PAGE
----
- Active (456)
- Anti-irritant (112)
- Antimicrobial (91)
- Antioxidant (16)
- Colorant/Pigment/Hair Dye (91)
- Conditioner/Moisturizer (239)
- Delivery (150)
- Exfoliant (11)
- Feel Enhancer (173)
- Film-former (11)
- Formulating Aids (129)
- Fragrance (72)
- Preservatives (71)
- Repair (95)
- Rheology/Viscosity Modifier (82)
- Surfactant/Emulsifier (132)
- UV Filter (104)
Build a solid foundation in science, formulation and product development—find out more!
Most Popular in:
Optimizing Formula Preservation
By: Eric S. Abrutyn, TPC2 Advisors Ltd.
Posted: February 26, 2010, from the March 2010 issue of Cosmetics & Toiletries.
page 6 of 7
Nonionics such as monoesters of fatty acids and alkyl glycosides can enhance preservatives at concentrations below the critical micelle concentration (CMC) by improving their solubility, since at low concentrations a low interfacial tension exists, which allows increased interaction between the preservative and the microbe present in the aqueous phase.
Natural ingredients as preservatives: Essential oils and fragrances have some antimicrobial properties but typically require high concentrations in order to be effective; examples are: clove, cumin, eucalyptus, lavender, lemon, thyme, sage, sandalwood, neem and tea tree oils. It should be noted that in the presence of some pure botanical oils, caprylyl glycol and other long chain glycols are known to interfere with viscosity by reducing it over time. They can also cause discoloration.
Raw material/preservative interactions to consider: It should be noted that UV sunscreens can deactivate formaldehyde-releasing preservatives, and surfactant micelles tend to capture and inhibit preservative activity. Preservatives can also be compromised in the presence of solid particles as they may absorb onto the surface of the particles and thus become unavailable within the aqueous phase. Examples of solid particles could include: talc, inorganic sunscreens, clays and pigments. Proteins and highly ethoxylated compounds (strong hydrogen binders) may also deactivate preservative activity.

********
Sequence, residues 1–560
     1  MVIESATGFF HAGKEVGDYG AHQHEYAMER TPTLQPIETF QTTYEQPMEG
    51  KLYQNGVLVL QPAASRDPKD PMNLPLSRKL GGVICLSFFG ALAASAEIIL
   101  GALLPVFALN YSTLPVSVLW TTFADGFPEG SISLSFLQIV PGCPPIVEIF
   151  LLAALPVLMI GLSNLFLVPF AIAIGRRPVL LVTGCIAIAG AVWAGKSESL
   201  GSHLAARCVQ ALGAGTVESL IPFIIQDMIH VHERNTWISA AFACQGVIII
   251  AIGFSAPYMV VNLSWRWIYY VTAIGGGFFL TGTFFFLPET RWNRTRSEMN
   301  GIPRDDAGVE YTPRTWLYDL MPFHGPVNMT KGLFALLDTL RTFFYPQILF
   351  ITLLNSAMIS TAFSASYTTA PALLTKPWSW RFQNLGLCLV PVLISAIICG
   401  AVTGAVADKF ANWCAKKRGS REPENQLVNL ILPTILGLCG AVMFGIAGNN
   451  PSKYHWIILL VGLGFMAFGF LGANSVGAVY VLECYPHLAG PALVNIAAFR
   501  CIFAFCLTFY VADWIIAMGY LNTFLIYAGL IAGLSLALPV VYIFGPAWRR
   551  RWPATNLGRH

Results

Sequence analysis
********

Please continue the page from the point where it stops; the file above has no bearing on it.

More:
At > 15%, silicones can also make a formulation more difficult to preserve due to the creation of a separate phase and the retardation of microbe killing during insult testing. This is due to surface tensions, and interferes with current microbial assays designed to measure preservation efficacy. Finally, heat may inactivate preservatives such as formaldehyde donors and isothiazolinones by accelerating hydrolysis and breaking them down. It can also degrade and dissipate those that are more volatile. Thus, heating formaldehyde donors to above 60°C is not recommended; in this case, it is instead suggested that they be added after emulsification, as noted above.
It should be cautioned that all preservatives have some level of allergenic potential because they are bioactive in nature. Preservative suppliers have the latest safety data on their preservatives and this should be consulted before using a preservative in a finished product. In addition, consumer marketers should ensure they have properly tested the safety of their products.
Learn How to Formulate With Precision and Accuracy
Discover how to optimize your formulations for feel, stability, delivery, trials and claims in Cosmetics & Toiletries online, video course, Optimization for Cosmetics.
Based on the lectures of well-respected and dearly missed colleague, Johann W. Wiechers, PhD, Optimization for Cosmetics is instructed by Steven Abbott, PhD who leads participants through a series of 5 lessons. The course allows formulators to tackle old problems with fresh ideas and will increase personal development and benefit whichever company they work for.
Learn more at learn.CosmeticsandToiletries.com.